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Work Crews will Soon Begin Dredging the Mouth of Marina Del Rey Harbor

Posted on November 21, 2016

By Gary Walker, Argonaut Online

Four years after removing one million cubic yards of sediment from the mouth of Marina del Rey harbor, L.A. County officials are getting ready for another deep cleaning.

The dredging back in 2012 focused only on the south side of the harbor’s entrance. This time, they’re working on the north side, leaving the south side open to boat traffic.

Marine dredging contractor J. E. McAmis Inc. will set up shop on the north side of the harbor’s entrance on Saturday, Nov. 26, and begin removing an estimated 425,600 cubic yards of seafloor sediment the following Monday, said Carol Baker of L.A. County Department of Beaches and Harbors.

The 220’-by-60’ dredging vessel Heidi Renee, similar to the barge used in 2012, will be anchored at the north side of the channel.

Work is expected to continue around the clock for at least five months and will be supervised by the U.S. Army Corps of Engineers.

The south side of the harbor entrance is currently 28 feet deep, and the north side in need of dredging is right now only 16 feet deep, according to Beaches and Harbors.

The project’s nearly $2.7-million price tag is being paid with federal funding and is considered routine maintenance for the harbor.

While the current volume of sediment removal is much smaller than the last time around, 425,600 cubic yards is still a pretty big deal.

“It’s enough to fill a football field to a height of 255 feet,” Baker said.

The excavated sediment will be cleaned and processed before being used at Playa del Rey’s Dockweiler Beach to shore up the beach and prevent erosion, she said.

In 2012, workers spread approximately 140,000 cubic yards of cleaned sediment at Dockweiler.

Last time around, local water quality nonprofit Heal the Bay raised initial concerns about the cleanliness of sediment headed for Dockweiler, but the group worked with the California Coastal Commission on a process to clean the sediment headed for the beach.

Heal the Bay was unaware of the future dredging and sediment placement project until contacted by The Argonaut.

A team from the California Coastal Commission joined members of the Southern California Dredge Material Management Team and Contaminated Sediment Task Force on June 22 to review Marina del Rey’s sediment and chemistry results.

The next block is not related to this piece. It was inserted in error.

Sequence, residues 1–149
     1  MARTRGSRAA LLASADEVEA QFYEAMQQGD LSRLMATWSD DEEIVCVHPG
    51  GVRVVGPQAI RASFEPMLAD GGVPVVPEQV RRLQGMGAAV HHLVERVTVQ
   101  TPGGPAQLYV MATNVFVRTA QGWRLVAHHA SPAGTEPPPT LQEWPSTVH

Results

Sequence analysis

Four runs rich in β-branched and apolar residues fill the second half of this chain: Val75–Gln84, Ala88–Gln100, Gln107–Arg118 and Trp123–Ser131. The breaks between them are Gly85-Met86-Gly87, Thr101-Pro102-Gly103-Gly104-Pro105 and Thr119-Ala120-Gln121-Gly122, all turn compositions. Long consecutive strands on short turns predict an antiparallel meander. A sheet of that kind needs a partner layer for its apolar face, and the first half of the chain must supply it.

“[They] concurred with the suitability determination made by the Corps of Engineers for placement of dredged sediments either on or in the nearshore off Dockweiler Beach,” wrote California Coastal Commission Acting Director Jon Ainsworth to the Los Angeles office of the Army Corps of Engineers on Sept. 1.

“The sediments to be dredged are suitable for either beach or nearshore placement, based on physical or chemical testing of the dredge areas,” he wrote.

Projects that go before the task force are not presented to the public before environmental clearance is determined, but Heal the Bay would rather they were.

“The public needs to have an opportunity to see these projects prior to approval. And seeing them on a consent calendar does not count as public input,” said James Alamillio, manager of urban programs for Heal the Bay.

Ainsworth said that excavated sediment placed at Dockweiler will initially appear darker than the sand there now.

“However, once the dredge sediments dry they will lighten to match existing beach sands,” Ainsworth wrote.

While Baker stressed that the dredging is a necessary part of the harbor’s regular upkeep, there have been calls in the past that it should be happening more frequently.

“Marina del Rey is an anchor for tourism, recreation and public safety in Los Angeles. It is home to more than 5,000 boats, the U.S. Coast Guard and the Los Angeles County Sheriff’s Department. Although the marina should be dredged every three to five years, it has experienced waits two and three times longer than that,” reads a June 2013 letter from former Congressman Henry Waxman to U.S. Army Corps of Engineers Commanding Gen. Thomas Bostick.

Prior to 2012, Marina del Rey harbor hadn’t seen any dredging since 1999.

Source: Argonaut Online

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